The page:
LifeSlices: Dear government, this is the 21st Century…

I hate to complain, because I sound so whiny, but…

I’ve had a little run-in with the cops over an overdue speeding ticket, and the phone conversation with the gal at municipal court was revealing. I’m supposed to bring a large amount of cash to their office on Friday to avoid certain, um, unpleasantries, but she tweaked my curiosity when she said, “Of course, you can always go to our website…”

So I’m thinking that I’m going to be able to pay this sucker online, but then she told me that I could click on a link in the upper left-hand corner, print a form, fill it out and FAX it to her. She would then run the credit information and that would be that.

Fax it? How 20th Century.

I’ll give the city of Lewisville credit for getting it half right, but then it got me to thinking about governments and especially utilities. When will they get with the program and realize that there are newer and BETTER ways to communicate with people these days?

To tell the truth, I pay a whole lot more attention to email, tweets and text messages than I do the archaic stuff from the post office (often to my detriment).

I pay my bills online, wherever possible, and I’m always struck by how some entities don’t even make that available, to say nothing of actually sending reminders via 21st century applications.

It’s always the monopolies that get away with this stuff, so I say bring on the competition. What we need is are businesses that take all the collecting away from municipalities, thereby reducing the payroll and, one assumes, bringing new communications forms to the table.

Is that asking for too much?

Comments

  1. I will say this about a former utility of mine. Oklahoma Gas & Electric made electronic payments easy for me around 2002. The bill images were online and they sent me an email when the bill was ready … which meant I usually paid the bill the same day (instead of the end of the cycle with pay by mail).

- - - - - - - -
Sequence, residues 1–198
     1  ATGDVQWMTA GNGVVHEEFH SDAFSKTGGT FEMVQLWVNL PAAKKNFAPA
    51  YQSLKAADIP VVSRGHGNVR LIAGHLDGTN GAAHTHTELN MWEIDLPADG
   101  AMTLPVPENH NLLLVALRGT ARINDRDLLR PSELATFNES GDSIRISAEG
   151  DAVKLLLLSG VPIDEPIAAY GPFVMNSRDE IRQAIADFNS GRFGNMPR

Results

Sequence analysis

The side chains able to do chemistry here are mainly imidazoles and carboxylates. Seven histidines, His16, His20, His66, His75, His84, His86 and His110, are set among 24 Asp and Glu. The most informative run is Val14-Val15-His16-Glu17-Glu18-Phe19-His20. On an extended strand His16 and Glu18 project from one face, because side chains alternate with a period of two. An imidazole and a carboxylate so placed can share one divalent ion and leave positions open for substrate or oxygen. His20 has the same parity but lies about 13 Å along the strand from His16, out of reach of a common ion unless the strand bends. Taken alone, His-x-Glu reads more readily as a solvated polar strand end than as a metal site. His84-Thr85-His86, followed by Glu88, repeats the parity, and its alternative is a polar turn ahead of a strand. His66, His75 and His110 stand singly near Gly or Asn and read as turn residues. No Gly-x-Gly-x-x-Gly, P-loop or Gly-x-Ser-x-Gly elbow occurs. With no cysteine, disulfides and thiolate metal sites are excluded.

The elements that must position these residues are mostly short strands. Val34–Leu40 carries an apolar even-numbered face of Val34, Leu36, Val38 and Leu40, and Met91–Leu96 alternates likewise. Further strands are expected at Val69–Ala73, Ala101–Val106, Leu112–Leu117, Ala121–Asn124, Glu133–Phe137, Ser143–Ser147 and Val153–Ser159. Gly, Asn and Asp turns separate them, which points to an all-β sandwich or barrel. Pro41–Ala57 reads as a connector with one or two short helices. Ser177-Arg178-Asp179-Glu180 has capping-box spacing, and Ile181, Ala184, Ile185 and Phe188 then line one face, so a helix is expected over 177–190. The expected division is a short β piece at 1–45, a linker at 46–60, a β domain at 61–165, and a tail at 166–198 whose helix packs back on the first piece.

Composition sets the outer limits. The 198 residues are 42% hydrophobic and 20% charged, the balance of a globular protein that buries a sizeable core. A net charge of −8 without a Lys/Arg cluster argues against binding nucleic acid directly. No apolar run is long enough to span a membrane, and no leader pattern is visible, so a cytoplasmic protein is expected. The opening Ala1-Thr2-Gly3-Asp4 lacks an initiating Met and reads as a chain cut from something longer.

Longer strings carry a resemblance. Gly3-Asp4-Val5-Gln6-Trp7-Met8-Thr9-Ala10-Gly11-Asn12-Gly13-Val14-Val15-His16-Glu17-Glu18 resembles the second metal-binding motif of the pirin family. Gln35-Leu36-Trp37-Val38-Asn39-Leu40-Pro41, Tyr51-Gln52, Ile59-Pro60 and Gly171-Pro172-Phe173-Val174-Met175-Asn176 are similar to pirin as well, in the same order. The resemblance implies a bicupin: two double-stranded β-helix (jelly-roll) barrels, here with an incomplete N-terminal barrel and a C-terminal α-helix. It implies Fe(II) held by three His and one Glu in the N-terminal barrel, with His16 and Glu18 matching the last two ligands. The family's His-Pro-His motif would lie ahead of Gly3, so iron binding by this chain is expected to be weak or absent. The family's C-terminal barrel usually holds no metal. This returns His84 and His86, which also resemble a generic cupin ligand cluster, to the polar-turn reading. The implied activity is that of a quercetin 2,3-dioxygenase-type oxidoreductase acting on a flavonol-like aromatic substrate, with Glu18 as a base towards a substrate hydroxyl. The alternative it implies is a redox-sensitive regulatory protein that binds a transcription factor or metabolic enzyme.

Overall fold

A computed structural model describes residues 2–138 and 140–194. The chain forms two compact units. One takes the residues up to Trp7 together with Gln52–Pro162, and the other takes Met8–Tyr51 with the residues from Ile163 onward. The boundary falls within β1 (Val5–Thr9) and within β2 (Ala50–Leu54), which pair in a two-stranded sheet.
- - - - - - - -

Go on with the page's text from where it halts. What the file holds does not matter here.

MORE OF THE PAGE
2. I was surprised enough that I was able to pay my San Diego Gas & Electric bill at the SDG&E Web site. That was reasonably forward-thinking. But then last month, I got a parking ticket, and I discovered to my shock that the city of San Diego would take payment for *that* online.

    I’m still bugged by the circumstances under which I was ticketed, but it was nice not to have to mail a check.

Trackbacks

  1. […] Terry Heaton, after having to pay for a speeding ticket by fax, notes the streamlining of government services that could come with an embracing technology: I’ll give the city of Lewisville credit for getting it half right, but then it got me to thinking about governments and especially utilities. When will they get with the program and realize that there are newer and BETTER ways to communicate with people these days? […]

  2. […] One of Terry Heaton’s criticisms of municipalities is that a lack of competition has kept them from adopting all those convenient little innovations that make internet commerce a relative breeze. It’s very difficult to find an online vendor asking you to use anything but your internet connection and a credit card to complete a transaction. Local governments, on the other hand, often request that you fax, mail, call or drive something to an office somewhere. […]

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